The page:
NAIROBI, Kenya, October 17 – The Nairobi Central Business District Association (NCBDA) says there is need for city residents to be educated about fire fighting techniques.
Chairman Timothy Muriuki said on Saturday that this will reduce fatalities which may occur in the event of a fire breakout in the city.
“Ignorance was one of the major causes of disasters that we have suffered most recently. Addressing that gap has a huge impact on preparedness,” he stated.
“We must have more and more people doing fire drills so that its starts from the community,” he further said.
He was speaking during a G4s fire fighter’s graduation ceremony where he urged corporate organisations to train their employees on fire fighting skills.
“I have asked as many companies as possible to address the issue of training not just internally but externally and to take this as a major corporate social responsibility,” Mr Muriuki stated.
During the graduation ceremony, the Kenya Red Cross Society (KRCS) recruited 40 new fire fighters.
Red Cross Disaster Risk Reduction Officer Michael Aiyabei explained that the graduants will specialise in fire fighting and responding to disaster within the City.
“The mission is actually to assist in response to fire incidences that may occur within the community where they may be drawn from, we also expect that the bigger role they will be playing is risk reduction,” the KRSC officer said.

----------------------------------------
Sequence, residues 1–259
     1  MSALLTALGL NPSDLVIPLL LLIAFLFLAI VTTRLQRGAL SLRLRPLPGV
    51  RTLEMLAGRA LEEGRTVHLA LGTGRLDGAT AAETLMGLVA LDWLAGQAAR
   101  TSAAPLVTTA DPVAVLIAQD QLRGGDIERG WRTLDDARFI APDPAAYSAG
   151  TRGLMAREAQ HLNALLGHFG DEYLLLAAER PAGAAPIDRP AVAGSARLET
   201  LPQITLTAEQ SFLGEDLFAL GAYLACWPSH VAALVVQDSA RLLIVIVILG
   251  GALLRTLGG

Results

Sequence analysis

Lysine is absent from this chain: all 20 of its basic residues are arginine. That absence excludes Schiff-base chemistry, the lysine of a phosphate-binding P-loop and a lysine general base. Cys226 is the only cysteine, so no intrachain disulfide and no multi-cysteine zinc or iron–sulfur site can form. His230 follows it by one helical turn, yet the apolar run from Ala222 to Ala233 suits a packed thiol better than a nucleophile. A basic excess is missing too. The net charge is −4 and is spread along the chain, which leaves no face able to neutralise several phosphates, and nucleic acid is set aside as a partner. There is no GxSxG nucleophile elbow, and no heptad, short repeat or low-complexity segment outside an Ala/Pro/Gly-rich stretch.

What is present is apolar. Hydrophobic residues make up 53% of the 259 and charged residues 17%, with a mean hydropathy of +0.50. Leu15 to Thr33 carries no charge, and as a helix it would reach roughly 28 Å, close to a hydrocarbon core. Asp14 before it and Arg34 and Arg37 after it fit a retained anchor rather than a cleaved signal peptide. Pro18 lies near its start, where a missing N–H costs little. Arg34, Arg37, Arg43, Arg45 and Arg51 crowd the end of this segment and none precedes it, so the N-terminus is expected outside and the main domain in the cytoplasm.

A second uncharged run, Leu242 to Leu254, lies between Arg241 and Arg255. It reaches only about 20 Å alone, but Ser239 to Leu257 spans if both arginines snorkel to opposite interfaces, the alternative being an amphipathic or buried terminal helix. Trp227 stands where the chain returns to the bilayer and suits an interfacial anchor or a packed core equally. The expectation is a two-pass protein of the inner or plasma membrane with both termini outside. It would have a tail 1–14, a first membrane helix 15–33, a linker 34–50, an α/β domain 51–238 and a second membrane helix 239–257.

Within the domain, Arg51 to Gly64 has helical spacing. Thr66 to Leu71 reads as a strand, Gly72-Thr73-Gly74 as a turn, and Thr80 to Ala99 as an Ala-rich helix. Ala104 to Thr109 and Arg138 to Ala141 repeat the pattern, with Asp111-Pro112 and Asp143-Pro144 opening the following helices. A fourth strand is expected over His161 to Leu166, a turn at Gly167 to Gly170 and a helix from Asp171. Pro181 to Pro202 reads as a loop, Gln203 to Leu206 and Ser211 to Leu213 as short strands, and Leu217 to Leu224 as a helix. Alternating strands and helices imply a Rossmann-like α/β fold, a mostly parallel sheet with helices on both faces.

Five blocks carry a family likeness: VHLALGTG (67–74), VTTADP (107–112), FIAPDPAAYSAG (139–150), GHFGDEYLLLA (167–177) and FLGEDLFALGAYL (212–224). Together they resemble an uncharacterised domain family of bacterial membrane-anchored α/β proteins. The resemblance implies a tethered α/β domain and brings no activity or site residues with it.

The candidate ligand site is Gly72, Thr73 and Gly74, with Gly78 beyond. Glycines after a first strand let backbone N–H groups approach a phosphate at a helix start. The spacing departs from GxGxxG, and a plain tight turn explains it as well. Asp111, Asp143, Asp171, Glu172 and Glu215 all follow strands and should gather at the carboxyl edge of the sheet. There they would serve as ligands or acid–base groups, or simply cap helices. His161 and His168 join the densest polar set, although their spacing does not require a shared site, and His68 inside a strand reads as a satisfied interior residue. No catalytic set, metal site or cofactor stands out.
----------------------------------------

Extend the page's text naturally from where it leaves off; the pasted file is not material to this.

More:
He stated that the unit will also be formed in other parts of the country especially in areas susceptible to fire outbreaks.
“The applications that were received were so many but because this is a pilot programme, we only managed to select 38 to train because of the resources,” he observed.
“It is a partnership between Kenya Red Cross and G4S fire and rescue service.”
On September 5 this year, a fire in a village in Lamu district left 2,500 people displaced, 430 houses were burned down with 214 being razed to the ground.
While no deaths were reported, several people sustained injuries, including smoke inhalation.
The incident destroyed houses and assets whose value is in millions of shillings.
Businesses which provide sources of livelihoods to hundreds in the community have also collapsed.
Vulnerable groups, among those affected include 75 lactating mothers, 30 pregnant women, 34 persons with disabilities, 157 elderly persons and 291 children under five years old.
On 31 January this year, an oil spill ignition occurred in Molo, Kenya and resulted in the deaths of at least 113 people and injuring more than 200 more people.
The incident occurred when an oil spill from an overturned truck burst into flames as onlookers attempted to obtain remnants of the spilled fuel for personal use.
Rescuers suggested the cause to be static electricity, an accidentally discarded cigarette, or an individual angered at a police blockade and sought vengeance.
Police described the carnage as Kenya’s worst disaster in recent times, occurring in a country hit by frequent fuel shortages and just days after a supermarket fire killed 25 people.
In June 2009, another similar accident occurred, when an oil tanker fire killed at least four and injured nearly 50 people at Kapokyek village near Kericho.
The victims were siphoning fuel from the tanker that had fallen off the road